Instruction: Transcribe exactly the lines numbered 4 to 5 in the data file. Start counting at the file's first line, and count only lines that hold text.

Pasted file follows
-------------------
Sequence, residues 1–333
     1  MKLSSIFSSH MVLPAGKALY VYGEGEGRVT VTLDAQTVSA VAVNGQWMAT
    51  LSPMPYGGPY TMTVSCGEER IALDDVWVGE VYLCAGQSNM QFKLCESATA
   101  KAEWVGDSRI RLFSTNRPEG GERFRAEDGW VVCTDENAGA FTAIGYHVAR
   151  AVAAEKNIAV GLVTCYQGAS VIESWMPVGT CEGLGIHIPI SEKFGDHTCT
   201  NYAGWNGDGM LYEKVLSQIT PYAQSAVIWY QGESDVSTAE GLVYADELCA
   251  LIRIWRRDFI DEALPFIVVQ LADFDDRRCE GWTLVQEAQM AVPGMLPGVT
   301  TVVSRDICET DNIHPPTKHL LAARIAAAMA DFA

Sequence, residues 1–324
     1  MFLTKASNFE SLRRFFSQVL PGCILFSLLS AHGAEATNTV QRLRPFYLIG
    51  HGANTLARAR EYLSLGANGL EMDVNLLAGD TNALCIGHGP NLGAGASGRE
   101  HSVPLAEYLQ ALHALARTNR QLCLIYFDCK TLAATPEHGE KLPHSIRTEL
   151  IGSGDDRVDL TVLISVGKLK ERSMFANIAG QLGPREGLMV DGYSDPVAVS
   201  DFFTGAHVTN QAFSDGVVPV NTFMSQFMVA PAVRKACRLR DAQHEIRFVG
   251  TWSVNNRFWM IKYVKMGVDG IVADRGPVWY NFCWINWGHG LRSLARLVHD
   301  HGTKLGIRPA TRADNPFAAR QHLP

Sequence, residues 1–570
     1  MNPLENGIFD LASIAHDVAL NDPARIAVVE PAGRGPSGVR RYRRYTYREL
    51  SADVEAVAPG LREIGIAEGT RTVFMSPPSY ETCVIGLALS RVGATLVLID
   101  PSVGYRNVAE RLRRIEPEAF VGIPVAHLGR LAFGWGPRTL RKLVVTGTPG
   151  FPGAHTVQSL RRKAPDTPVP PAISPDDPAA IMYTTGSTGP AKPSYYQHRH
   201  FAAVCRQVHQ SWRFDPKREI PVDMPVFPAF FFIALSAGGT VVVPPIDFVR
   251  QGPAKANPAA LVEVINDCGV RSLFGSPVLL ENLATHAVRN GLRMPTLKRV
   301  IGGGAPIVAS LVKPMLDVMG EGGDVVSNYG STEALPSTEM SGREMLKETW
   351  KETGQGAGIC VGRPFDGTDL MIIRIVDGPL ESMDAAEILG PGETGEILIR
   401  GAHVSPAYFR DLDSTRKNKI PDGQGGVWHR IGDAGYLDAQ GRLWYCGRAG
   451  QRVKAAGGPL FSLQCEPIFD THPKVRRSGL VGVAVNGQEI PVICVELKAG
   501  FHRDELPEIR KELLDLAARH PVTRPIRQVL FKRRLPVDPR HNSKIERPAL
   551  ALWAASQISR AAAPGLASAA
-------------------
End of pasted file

   101  KAEWVGDSRI RLFSTNRPEG GERFRAEDGW VVCTDENAGA FTAIGYHVAR
   151  AVAAEKNIAV GLVTCYQGAS VIESWMPVGT CEGLGIHIPI SEKFGDHTCT